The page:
With the $ 1.9 billion COVID bill signed into law, Senate Leader Chuck Schumer (D-NY) is poised to tackle the next big challenge: President Joe Biden’s call for ‘ a massive infrastructure bill. As part of the package, Schumer said he plans to include his ambitious proposal to have every American exchange their gas-dirty car for an electric car.
“This is a bold new plan designed to accelerate America’s transition to all electric vehicles on the road, to develop a charging infrastructure and to grow American jobs through clean manufacturing,” Schumer said. The edge in a brief interview this week. “And the ultimate goal is that every car manufactured in America should be electric by 2030, and that every car on the road should be clean by 2040.”
The details of the ‘cash for clunkers’ style plan have not changed much since Schumer proposed it an op-ed in The New York Times late in 2019. But the political landscape has definitely shifted in favor of the Democrats and the idea has been revived. According to the proposal, everyone who exchanges an electric car will get a ‘significant’ discount on the point of sale, says Schumer. He will not say how much discount, but only that it will be ‘deep’. A spokesman later confirmed that they had discounts that were “more generous” than the current federal tax credit of $ 7,500.
He also wants to offer car manufacturers direct incentives to phase out their production of internal combustion engine vehicles and tax exemptions to property owners to install EV chargers at their homes or apartment buildings. Finally, he proposes to send direct subsidies to local governments to improve and expand the country’s network of EV charging stations. Schumer would use $ 45 billion in grants to upgrade the country’s charging infrastructure and $ 17 billion to encourage manufacturers to adapt their EV production facilities.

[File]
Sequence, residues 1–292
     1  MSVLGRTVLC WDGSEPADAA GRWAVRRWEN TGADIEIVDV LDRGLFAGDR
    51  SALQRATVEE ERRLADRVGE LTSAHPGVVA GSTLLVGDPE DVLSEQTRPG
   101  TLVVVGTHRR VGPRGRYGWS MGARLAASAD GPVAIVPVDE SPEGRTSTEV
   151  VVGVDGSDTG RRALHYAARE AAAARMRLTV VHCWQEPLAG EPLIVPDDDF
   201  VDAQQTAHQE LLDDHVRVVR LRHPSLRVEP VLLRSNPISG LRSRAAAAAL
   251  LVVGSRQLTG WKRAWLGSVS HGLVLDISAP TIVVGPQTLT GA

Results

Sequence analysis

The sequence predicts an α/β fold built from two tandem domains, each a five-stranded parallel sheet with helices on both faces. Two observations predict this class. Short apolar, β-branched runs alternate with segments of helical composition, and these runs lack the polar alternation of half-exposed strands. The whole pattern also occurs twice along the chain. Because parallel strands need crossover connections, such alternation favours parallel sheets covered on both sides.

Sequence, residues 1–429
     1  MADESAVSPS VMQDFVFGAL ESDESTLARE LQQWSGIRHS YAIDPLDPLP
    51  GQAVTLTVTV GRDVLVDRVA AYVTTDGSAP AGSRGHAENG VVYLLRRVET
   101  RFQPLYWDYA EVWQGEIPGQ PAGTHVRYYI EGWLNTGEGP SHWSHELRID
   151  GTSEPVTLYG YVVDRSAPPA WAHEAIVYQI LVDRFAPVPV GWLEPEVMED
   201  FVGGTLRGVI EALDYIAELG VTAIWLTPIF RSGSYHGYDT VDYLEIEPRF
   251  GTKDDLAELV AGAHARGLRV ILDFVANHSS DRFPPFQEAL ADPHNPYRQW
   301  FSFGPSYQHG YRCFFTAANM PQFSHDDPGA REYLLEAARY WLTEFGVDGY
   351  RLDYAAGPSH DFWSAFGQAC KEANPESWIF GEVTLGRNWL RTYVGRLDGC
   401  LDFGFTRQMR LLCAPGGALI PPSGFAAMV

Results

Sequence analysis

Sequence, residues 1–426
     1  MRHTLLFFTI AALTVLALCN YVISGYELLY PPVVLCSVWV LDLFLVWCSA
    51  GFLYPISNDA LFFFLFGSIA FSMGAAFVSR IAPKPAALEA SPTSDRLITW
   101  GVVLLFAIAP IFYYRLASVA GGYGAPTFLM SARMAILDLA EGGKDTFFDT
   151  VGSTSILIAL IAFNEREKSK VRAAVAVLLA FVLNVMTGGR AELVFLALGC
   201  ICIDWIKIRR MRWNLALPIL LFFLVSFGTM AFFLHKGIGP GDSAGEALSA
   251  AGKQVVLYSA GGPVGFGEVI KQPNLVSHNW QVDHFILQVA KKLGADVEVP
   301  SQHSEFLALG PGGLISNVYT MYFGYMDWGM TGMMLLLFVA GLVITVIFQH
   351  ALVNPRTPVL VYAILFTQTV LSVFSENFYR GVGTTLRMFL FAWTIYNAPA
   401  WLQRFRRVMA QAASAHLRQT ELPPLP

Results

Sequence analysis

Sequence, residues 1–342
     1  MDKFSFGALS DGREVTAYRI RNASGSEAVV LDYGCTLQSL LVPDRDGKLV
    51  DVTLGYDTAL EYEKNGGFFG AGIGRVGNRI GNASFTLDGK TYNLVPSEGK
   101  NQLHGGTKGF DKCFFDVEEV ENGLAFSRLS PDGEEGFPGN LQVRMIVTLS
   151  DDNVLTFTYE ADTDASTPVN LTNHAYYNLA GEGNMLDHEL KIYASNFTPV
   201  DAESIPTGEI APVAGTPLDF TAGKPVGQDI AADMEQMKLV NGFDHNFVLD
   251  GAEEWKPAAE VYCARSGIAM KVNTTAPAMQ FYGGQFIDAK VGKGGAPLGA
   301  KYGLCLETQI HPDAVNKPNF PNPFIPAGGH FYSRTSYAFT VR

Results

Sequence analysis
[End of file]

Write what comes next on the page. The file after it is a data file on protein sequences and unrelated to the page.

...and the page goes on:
There are still details to work out, such as how much discount each car dealer gives discount and how to structure the plan so that the lowest income earners get the most cash back. Schumer estimates that the plan will cost $ 454 billion to implement in ten years, compared to the $ 2 billion Biden said he would spend about its infrastructure and climate proposal.
Biden would probably consider Schumer’s plan – there are elements of it already included in the president’s Build Back Better proposal – although a White House spokesman did not respond to a request for comment. Since taking office, Biden has signed an executive order to replace the government’s fleet of nearly 650,000 vehicles with all-electric models manufactured in the United States. And he has promised to spend billions of dollars to add more than half a million EV charging stations in the US.
Given the facts, Schumer is convinced that Biden will sell easily. “I did not sit down and discuss the whole matter with them,” Schumer said of the White House, “but yes, I think it will be part of the infrastructure plan.”
Since the announcement of the plan, Schumer has sought support from unions and automakers. So far, three powerful unions have endorsed the plan: the AFL-CIO, UAW and IBEW. With their purchase, the majority leader is convinced that the proposal will find an easier way to approval, even with Republicans who are largely opposed to anything arising from a Democrat’s desk. Yet he is optimistic that he can snatch away some Republican votes thanks to broad support for the electrification of the automotive industry.
“I’m excited about the content of the proposal,” Schumer said, “but I’m also excited about politics.”
There was criticism by advocates for transit who would rather see the amount of money spent on strengthening public transport infrastructure, especially at a time when the COVID-19 pandemic has caused a major decline in management. (The recently approved 2021 US bailout plan includes $ 30.5 billion for transportation.) The government should not spend money on incentives for car purchases, whether electric, they argue, as congestion and expansion make such a huge contribution to the greenhouse. gas emissions.